Here’s the latest Mini-Heap!

  1. What the folk really believe about mental states: our beliefs, desires, emotions, and judgments are under our control — results of six studies (via Fiery Cushman)
  2. Is sex binary? That question doesn’t have the relevance many seem to think it has — so argues Alex Byrne (MIT)
  3. We’re neglecting the future — how can we change that?
  4. The risk faced by “those who would jettison civility in the interest of justice” — Matt Dinan (St. Thomas) on whether niceness is a virtue
  5. The UK Government’s new commission on architectural design will be chaired by a philosopher — Roger Scruton. In related news, Leon Kass has been appointed Secretary of Ice Cream.
  6. What universities are doing to shore up humanities majors — philosopher Debra Satz, dean of Humanities and Sciences at Stanford, is among those consulted for the article
  7. “Calling bullshit might be one of the most insidious forms of bullshit.” — three articles on the anxieties, insecurities, and insights of the humanities, in light of the recent hoaxing, at The Point
  8. Varieties of nothingness — in science and philosophy
  9. What were the most influential academic books of the past 20 years? — the Chronicle of Higher Ed gets answers from a variety of academics
  10. A competition to encourage non-Christian philosophy of religion — from the Journal of Analytic Theology, funded by the APA

BONUS: Do Ethicists and Political Philosophers Vote More Often Than Other Professors?

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Mini-Heap posts appear when about 10 new items accumulate in the Heap of Links, the ever-growing collection of items from around the web that may be of interest to philosophers.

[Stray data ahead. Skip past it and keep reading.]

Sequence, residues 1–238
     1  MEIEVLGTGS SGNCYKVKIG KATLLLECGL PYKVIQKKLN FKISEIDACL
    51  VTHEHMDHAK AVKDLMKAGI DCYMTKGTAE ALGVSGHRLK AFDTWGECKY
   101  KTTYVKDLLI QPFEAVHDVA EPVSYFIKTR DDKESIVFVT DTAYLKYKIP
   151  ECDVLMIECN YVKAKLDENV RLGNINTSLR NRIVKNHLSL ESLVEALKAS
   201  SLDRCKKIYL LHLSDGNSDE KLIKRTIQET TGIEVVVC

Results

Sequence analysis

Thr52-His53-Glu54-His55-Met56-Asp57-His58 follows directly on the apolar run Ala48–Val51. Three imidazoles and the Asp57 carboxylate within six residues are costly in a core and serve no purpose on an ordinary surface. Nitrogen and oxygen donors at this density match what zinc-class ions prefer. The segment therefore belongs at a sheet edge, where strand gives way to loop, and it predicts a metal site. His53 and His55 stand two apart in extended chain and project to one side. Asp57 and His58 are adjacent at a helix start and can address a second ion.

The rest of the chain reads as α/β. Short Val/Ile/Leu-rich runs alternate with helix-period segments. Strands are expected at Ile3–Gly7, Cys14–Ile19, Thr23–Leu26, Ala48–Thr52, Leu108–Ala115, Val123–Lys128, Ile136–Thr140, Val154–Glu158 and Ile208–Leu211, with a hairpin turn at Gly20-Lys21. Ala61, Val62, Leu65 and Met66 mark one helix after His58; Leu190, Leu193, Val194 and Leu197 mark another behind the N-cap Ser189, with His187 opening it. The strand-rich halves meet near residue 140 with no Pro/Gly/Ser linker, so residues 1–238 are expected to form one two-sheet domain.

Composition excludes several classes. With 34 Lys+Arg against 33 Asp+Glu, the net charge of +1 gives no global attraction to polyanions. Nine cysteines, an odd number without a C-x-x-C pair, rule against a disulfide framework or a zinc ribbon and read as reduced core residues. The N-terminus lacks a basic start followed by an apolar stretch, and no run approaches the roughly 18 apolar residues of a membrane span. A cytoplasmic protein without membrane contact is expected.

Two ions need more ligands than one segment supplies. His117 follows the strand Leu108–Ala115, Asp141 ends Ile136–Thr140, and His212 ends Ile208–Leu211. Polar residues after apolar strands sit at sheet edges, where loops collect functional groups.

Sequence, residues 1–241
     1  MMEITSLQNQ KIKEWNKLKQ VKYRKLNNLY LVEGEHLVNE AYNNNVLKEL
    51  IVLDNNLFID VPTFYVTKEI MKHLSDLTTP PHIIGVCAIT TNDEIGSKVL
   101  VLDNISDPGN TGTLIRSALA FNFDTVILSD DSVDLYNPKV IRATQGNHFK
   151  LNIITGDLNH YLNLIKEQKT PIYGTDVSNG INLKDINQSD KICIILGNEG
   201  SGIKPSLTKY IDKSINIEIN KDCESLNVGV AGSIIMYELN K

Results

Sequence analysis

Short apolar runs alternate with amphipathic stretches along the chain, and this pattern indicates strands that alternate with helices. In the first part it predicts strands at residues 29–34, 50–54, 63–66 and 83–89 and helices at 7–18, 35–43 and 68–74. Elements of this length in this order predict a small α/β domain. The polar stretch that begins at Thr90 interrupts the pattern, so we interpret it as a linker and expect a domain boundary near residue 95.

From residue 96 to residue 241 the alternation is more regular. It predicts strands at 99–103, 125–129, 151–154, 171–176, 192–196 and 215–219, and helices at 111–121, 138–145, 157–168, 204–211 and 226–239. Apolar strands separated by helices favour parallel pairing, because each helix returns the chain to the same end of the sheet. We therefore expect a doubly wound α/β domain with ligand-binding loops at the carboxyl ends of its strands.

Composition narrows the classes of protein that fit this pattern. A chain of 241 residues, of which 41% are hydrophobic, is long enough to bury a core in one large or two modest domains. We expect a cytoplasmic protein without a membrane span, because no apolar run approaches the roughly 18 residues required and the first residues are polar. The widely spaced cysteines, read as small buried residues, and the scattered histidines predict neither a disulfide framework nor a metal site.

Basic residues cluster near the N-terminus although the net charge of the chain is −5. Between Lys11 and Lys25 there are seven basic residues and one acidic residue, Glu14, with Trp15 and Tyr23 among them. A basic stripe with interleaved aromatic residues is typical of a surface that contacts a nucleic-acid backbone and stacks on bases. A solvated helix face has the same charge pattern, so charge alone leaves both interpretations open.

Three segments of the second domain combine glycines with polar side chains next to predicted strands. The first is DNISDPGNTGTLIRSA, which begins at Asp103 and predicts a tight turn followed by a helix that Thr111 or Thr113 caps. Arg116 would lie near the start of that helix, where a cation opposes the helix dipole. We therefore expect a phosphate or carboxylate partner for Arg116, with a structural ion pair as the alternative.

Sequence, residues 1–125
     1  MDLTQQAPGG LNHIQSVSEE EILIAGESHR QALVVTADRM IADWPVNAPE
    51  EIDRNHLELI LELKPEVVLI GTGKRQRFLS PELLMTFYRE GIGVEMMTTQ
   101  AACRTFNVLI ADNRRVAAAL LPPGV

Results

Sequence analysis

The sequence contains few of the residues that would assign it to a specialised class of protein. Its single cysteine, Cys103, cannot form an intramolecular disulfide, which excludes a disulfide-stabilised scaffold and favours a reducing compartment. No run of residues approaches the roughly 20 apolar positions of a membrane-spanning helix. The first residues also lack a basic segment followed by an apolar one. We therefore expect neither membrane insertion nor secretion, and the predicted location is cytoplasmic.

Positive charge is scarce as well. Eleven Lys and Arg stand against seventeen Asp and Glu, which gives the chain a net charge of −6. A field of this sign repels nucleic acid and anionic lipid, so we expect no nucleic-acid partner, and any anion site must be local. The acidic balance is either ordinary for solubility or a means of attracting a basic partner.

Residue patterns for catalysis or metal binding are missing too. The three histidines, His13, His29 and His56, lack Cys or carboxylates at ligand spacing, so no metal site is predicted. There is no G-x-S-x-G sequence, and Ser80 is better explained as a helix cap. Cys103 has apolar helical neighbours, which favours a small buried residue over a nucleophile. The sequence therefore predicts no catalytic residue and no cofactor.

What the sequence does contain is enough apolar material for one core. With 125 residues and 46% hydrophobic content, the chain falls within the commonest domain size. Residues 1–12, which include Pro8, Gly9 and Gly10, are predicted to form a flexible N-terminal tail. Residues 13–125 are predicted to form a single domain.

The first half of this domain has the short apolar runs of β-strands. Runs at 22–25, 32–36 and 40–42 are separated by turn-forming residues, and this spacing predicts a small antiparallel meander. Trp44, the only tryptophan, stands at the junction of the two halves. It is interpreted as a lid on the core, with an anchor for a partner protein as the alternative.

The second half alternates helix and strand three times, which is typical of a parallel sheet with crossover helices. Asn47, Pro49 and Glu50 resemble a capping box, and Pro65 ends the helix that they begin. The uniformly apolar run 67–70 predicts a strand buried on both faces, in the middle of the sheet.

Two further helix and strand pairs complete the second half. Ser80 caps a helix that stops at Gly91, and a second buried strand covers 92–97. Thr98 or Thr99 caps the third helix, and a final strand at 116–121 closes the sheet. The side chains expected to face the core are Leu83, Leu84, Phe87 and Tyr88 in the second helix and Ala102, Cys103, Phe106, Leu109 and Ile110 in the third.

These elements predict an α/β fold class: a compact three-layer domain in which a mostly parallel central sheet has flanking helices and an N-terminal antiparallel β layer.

The Heap of Links consists partly of suggestions from readers; if you find something online that you think would be of interest to the philosophical community, please send it in for consideration for the Heap. Thanks!


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Patrick S. O'Donnell
2 years ago

With regard to “competition for the best paper in analytic theology of an underrepresented religious or theological tradition,” there are a number of religious traditions for which the term “analytic theology” is not appropriate, Buddhism and Daoism most obviously, arguably in the case of Jainism (one here can become, as it were ‘god-like’) as well as several “orthodox” philosophical traditions in Hinduism as well: Sāmkhya and Pūrva Mīmāmsā (with perhaps an exception or two later in the latter school), and, I would argue, so too Yoga (there is a deity of sorts but … ). The late and great Ninian Smart suggested we speak of Buddhology for Buddhist philosophy of religion! Indeed, we might be content with philosophy of religion simpliciter and simply jettison the term “analytic theology” (hence, the best paper in ‘non-Christian philosophy of religion’). The would-be contestant could be confused if only because of the following: “Analytic theology is an interdisciplinary subfield that explores traditional theological topics and questions (in diverse religious traditions) in conversation and methodological continuity with the analytic-philosophical tradition.” In other words, one may not be able to explore “traditional theological topics” in an analytic mode if these are utterly lacking in one of the aforementioned religious traditions. Report

Alfred MacDonald
2 years ago

the “calling bullshit may be bullshit” article is just saying that bullshit-exposing, if valued too highly, may create an incentive for people to be cognitively lazy and fall to bullshit themselves. this is not reason to reject exposure of bullshit; it’s just as important as ever.Report